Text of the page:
"HIGH" RESOLUTION
The overall aim of this international project was to conduct a high-resolution mapping of the Dolomites´ deposits from the Lower Cretaceous at 2500m above sea level. This included not only the analysis of macro- and microfossils and the isotope ratios, but also the study of rock layers (Puez Formation) and their magnetic relationships, as well as the influence of various cycles during the formation of these layers. The team consisting of 32 researchers focused especially on an area in the Puez-Geisler Nature Park, which was declared a World Natural Heritage site by UNESCO in 2009. The current exhibition at the Museum of Natural History Vienna shows, in a very impressive way, that this heritage site comprises both natural beauty and a data archive from the Cretaceous period that is many million of years old.
Image and text will be available online from Friday, 2 September 2011, 9 am CET onwards:

http://www.fwf.ac.at/en/public_relations/press/pv201109-en.html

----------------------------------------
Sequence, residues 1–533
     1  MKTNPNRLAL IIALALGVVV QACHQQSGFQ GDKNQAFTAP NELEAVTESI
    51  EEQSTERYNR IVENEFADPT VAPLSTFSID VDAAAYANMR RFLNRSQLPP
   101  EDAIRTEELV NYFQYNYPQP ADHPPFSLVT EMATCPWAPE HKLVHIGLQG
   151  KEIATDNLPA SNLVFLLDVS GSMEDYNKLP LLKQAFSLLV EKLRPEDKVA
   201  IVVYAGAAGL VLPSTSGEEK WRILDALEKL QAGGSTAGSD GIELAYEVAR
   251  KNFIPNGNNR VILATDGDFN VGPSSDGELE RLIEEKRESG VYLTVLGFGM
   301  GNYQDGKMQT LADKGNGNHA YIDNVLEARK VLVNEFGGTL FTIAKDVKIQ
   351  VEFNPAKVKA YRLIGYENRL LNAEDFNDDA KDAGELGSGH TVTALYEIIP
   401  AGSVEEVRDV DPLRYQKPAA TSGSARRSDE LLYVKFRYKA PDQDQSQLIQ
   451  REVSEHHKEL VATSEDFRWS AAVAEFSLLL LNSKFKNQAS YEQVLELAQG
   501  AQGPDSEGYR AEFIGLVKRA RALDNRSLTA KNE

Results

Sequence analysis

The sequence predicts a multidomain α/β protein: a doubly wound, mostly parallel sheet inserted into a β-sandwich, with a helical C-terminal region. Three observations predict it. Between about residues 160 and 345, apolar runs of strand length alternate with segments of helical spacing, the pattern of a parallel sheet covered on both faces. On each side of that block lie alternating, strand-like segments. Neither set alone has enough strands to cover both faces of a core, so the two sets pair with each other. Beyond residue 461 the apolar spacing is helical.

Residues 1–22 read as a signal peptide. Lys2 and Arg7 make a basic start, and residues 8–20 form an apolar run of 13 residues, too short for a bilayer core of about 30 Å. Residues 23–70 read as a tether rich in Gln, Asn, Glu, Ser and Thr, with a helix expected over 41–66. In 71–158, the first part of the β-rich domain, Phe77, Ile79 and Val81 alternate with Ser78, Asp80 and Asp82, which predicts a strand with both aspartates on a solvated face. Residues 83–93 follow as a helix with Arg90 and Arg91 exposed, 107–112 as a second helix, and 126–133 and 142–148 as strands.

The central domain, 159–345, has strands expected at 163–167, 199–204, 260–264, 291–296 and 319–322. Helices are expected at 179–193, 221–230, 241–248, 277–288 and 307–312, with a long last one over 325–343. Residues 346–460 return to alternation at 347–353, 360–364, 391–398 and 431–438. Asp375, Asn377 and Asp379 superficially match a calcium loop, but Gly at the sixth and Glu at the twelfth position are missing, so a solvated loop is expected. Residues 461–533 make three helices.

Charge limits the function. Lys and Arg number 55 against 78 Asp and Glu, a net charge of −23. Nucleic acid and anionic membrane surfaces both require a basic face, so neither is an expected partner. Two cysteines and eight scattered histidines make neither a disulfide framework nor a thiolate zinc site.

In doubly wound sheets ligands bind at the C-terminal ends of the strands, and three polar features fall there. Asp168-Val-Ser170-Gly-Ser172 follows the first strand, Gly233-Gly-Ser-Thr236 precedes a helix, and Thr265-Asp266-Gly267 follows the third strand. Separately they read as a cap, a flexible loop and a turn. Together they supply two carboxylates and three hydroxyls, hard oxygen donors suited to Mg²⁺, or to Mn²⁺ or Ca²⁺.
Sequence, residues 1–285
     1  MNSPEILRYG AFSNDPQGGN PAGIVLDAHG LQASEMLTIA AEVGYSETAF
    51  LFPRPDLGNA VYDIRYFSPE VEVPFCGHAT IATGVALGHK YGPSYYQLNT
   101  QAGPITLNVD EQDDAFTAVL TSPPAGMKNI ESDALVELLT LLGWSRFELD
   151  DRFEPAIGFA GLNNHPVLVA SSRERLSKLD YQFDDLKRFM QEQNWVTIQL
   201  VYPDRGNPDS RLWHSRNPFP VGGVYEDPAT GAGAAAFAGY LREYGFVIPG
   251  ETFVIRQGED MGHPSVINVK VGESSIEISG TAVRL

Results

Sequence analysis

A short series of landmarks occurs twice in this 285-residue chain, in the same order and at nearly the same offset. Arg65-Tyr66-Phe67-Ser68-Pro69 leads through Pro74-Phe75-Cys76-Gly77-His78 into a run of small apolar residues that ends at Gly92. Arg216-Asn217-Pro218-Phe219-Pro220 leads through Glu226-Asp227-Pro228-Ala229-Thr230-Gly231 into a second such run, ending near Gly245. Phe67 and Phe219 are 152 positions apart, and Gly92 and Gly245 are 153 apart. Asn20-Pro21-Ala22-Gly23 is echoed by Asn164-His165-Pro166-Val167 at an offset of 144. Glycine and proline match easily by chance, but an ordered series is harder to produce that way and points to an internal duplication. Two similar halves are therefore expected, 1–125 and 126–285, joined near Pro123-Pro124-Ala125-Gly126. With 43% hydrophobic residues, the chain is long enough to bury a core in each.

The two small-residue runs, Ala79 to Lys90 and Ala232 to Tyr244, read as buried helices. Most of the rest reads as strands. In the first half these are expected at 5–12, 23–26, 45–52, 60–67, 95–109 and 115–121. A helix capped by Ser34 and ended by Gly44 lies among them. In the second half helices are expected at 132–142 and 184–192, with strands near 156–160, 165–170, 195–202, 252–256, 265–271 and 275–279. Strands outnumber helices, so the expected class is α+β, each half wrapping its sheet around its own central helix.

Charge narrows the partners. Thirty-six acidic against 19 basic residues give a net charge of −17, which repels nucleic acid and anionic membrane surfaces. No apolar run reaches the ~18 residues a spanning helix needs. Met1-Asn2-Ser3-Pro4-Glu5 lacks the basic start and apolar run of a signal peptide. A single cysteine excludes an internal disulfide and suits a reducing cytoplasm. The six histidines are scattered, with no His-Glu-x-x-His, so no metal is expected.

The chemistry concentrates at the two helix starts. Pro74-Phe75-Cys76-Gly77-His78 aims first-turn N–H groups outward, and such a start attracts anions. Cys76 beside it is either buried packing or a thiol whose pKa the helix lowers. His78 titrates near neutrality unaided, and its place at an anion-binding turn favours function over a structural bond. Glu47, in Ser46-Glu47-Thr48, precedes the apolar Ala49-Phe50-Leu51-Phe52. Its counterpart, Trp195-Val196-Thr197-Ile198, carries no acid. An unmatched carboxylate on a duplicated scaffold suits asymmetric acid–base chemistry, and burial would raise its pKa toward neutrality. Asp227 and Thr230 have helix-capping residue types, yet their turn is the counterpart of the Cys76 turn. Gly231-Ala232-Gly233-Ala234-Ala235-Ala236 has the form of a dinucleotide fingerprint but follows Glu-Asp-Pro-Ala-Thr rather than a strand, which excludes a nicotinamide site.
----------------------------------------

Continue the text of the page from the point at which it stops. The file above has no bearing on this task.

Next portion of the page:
Scientific contact:
Dr. Alexander Lukeneder
Museum of Natural History Vienna
Burgring 7
1010 Vienna, Austria
T +43 / (0)1 / 521 77 - 251
E alexander.lukeneder@nhm-wien.ac.at
Austrian Science Fund FWF:
Mag. Stefan Bernhardt
Haus der Forschung
Sensengasse 1
1090 Vienna, Austria
T +43 / (0)1 / 505 67 40 - 8111
E stefan.bernhardt@fwf.ac.at
W http://www.fwf.ac.at
Copy Editing & Distribution:
PR&D Public Relations for Research & Education
Mariannengasse 8
1090 Vienna, Austria
T +43 / (0)1 / 505 70 44
E contact@prd.at
W http://www.prd.at

Dr. Katharina Schnell | PR&D
Further information:
http://www.fwf.ac.at/en/public_relations/press/pv201109-en.html

More articles from Life Sciences:

nachricht Single-stranded DNA and RNA origami go live
15.12.2017 | Wyss Institute for Biologically Inspired Engineering at Harvard